The Atlantic – March 5, 2015
Don’t Drink the Water
In 1991, the EPA learned that there were toxins in a mountain stream. But nobody told the family who owned the property.
Terry Rice lives in the Appalachian Mountains of North Carolina, about 10 miles outside of Asheville, in a cabin his grandfather built by hand. When his family bought the 15-acre property in 1974, they were drawn to the natural creeks that wound between the oak and pine trees. As a teenager, Rice would wade into the springs or hike in the woods, drinking from the cool water on hot summer days. The Rices drew their regular water supply from a spring just a few hundred yards behind the cabin.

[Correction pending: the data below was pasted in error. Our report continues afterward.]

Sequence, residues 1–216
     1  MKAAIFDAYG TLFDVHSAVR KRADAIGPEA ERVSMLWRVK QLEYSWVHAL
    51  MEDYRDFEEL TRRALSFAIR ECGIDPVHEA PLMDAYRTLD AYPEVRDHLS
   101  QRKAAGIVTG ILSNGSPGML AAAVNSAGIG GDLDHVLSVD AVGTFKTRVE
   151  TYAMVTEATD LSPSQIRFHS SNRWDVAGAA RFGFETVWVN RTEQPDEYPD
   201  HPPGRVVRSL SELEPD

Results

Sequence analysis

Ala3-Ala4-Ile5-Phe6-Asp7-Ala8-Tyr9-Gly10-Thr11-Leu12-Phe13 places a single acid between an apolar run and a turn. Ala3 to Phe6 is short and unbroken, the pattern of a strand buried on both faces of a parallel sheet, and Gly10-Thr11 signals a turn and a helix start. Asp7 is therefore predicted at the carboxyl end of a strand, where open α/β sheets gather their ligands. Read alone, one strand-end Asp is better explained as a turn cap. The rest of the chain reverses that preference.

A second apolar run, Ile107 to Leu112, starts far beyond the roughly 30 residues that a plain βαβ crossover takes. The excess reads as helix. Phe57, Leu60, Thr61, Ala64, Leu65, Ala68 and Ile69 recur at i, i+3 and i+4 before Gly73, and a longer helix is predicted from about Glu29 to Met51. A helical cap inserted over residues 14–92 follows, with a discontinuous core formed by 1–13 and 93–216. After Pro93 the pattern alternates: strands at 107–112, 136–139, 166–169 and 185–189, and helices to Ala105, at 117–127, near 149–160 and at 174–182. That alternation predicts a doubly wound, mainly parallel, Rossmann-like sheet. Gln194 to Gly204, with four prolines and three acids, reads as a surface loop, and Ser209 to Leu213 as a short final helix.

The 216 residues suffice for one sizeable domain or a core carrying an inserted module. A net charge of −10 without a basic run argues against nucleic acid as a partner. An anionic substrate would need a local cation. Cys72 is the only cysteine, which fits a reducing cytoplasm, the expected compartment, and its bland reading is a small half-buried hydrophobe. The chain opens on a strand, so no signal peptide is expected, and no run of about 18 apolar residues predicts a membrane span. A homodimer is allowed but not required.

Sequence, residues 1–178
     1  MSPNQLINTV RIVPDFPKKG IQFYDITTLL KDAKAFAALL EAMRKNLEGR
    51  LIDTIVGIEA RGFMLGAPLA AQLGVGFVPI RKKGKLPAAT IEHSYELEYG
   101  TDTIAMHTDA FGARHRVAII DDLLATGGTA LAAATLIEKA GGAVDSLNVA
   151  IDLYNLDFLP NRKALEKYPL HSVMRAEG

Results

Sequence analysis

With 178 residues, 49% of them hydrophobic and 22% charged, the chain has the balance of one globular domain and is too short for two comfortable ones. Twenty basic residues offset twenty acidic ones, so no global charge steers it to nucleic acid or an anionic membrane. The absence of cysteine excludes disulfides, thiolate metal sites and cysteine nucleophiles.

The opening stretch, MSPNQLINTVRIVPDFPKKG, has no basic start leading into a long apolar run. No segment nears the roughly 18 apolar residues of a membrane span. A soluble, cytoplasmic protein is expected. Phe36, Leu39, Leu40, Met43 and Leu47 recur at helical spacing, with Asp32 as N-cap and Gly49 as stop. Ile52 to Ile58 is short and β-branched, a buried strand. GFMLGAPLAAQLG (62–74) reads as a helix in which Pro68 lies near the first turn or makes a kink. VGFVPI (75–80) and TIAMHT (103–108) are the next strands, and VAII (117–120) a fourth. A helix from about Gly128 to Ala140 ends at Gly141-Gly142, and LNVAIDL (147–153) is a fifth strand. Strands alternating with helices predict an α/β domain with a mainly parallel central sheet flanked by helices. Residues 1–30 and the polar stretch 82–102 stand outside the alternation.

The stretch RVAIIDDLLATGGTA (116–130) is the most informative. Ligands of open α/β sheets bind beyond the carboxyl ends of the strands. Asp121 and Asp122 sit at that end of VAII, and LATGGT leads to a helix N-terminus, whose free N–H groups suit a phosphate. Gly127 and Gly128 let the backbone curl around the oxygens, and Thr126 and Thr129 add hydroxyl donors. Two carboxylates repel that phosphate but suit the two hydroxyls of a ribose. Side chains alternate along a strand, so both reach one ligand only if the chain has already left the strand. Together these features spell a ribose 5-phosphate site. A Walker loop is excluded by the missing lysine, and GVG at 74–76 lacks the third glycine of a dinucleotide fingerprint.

In July 1999, a visiting friend, Bob Taylor, volunteered to clean out the spring. Taylor was shocked when he climbed down to the water and saw dead plants and an oily liquid near the surface. “All the vegetation was dying on the bank,” Taylor recalled recently. “We’re talking two to three feet up the bank and there was a black sheen on the water.” He also found green barrels from a factory that had once bordered the property.